For Netflix documentaries, there’s no place like Sundance Film Festival

Jan 19, 2024, 11:24 PM

A still from Power by Yance Ford, an official selection of the Premieres Program at the 2024 Sundan...

A still from Power by Yance Ford, an official selection of the Premieres Program at the 2024 Sundance Film Festival. (Sundance Institute)

(Sundance Institute)

PARK CITY, Utah (AP) — Filmmaker Yance Ford was in a “Sundance haze” when he took a meeting with Netflix following the premiere of “Strong Island” in 2017. The streamer was still somewhat new in the original documentary space at that point, but had made several big splashes with docs as different as “The Square,” about the Egyptian revolution, and ” What Happened, Miss Simone? ” Liz Garbus’ portrait of Nina Simone, both of which were nominated for Oscars.

“Strong Island” would go on to get an Oscar nomination, too, as would its Sundance and Netflix peer “Icarus,” which would win best documentary in 2018. But “Strong Island” was a different kind of film, a wrenching and deeply personal investigation into the 1992 murder of his brother and the failures of the justice system. When Ford, a first-time filmmaker, walked out of the meeting, he asked his producer if that had gone as well as he thought. He was assured it had.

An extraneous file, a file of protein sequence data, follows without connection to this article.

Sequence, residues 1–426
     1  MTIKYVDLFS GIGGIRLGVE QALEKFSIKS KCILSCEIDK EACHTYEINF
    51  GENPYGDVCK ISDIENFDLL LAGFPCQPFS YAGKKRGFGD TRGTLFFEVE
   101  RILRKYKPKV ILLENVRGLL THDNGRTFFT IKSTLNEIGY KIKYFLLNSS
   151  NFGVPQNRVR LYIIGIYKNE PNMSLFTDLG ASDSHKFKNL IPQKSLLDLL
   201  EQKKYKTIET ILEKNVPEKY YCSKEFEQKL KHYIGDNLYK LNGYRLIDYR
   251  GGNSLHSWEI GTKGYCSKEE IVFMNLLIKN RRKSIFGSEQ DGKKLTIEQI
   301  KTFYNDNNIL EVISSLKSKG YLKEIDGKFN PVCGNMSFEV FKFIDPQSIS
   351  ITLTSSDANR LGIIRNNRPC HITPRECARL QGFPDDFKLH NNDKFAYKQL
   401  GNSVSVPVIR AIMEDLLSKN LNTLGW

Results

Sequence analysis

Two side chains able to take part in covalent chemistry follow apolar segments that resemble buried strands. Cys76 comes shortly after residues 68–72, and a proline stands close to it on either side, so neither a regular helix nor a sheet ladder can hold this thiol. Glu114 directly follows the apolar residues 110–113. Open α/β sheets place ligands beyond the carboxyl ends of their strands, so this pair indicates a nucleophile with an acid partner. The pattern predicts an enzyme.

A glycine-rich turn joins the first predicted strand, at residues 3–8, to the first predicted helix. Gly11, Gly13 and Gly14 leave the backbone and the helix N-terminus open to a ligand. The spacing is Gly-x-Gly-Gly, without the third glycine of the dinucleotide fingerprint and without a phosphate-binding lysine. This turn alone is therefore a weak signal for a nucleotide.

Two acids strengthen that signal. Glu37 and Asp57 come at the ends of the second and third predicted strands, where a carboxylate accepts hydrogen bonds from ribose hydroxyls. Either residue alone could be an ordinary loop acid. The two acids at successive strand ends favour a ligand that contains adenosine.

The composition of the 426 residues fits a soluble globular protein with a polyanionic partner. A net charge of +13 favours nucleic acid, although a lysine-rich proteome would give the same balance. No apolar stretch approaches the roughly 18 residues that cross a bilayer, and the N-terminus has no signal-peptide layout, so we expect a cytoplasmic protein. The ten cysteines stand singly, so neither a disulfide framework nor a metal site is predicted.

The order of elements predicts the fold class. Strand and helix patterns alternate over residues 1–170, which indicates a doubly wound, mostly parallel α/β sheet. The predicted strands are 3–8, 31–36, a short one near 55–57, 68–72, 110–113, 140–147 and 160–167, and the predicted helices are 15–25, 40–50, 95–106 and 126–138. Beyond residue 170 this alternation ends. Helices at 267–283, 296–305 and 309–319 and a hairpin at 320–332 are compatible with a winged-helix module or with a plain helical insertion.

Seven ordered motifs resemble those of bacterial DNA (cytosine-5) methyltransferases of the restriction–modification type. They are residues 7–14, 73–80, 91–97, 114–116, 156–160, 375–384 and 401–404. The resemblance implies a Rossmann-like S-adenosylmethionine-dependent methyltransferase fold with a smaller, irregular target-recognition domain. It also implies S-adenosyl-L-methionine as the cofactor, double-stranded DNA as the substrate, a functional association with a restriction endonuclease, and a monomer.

“There was no explaining the film to them,” Ford said in a recent interview with The Associated Press. “Netflix understood what ‘Strong Island’ was doing and what it could say to a big, broad audience.”

Ten years after “The Square,” an acquisition that put Netflix documentaries on the map, the streamer is back at the 40th Sundance Film Festival with an eye towards acquisitions and two very different originals. Ford’s latest, “Power,” an inquiry into the evolution of policing in America that had its world premiere Thursday night in Park City, Utah. Bao Nguyen’s “The Greatest Night in Pop,” about the making of the charity anthem “We Are The World,” debuts Friday before streaming on Jan. 29.

“I think that Netflix is largely responsible for the documentary landscape that exists today,” Ford said. “It was responsible for giving the public access to films like mine.”

With “Power,” which looks at policing from 30,000 feet, he said, “I wasn’t particularly interested in the debate about defund the police. I wasn’t particularly interested in the rhetoric of Back the Blue. What I was interested in is this thing that I saw at play which was just this manifestation of the power of the state being exercised over people.”

Adam Del Deo, Netflix’s vice president of documentary, joined the company around the time of “The Square” and commissioning “What Happened, Miss Simone?,” working with veteran Lisa Nishimura.

“We really were the new kids on the block trying to persuade filmmakers that having the reach of the platform was something that was really important,” Del Deo said. “The mission when I began was to be the premiere storyteller in the doc space. That was the case back in the DVD days and continues to be the objective today.”

In the 10 years since, the Netflix audience has grown from around 37 million members to over 250 million worldwide and the appetite for documentaries has only intensified. It’s allowed for experimentation in commissions and acquisitions in both series and features, including “Chef’s Table,” “Making a Murderer,” the Emmy winning “Wild Wild Country,” the Oscar winning ” American Factory ” and the Oscar nominated ” Crip Camp. ”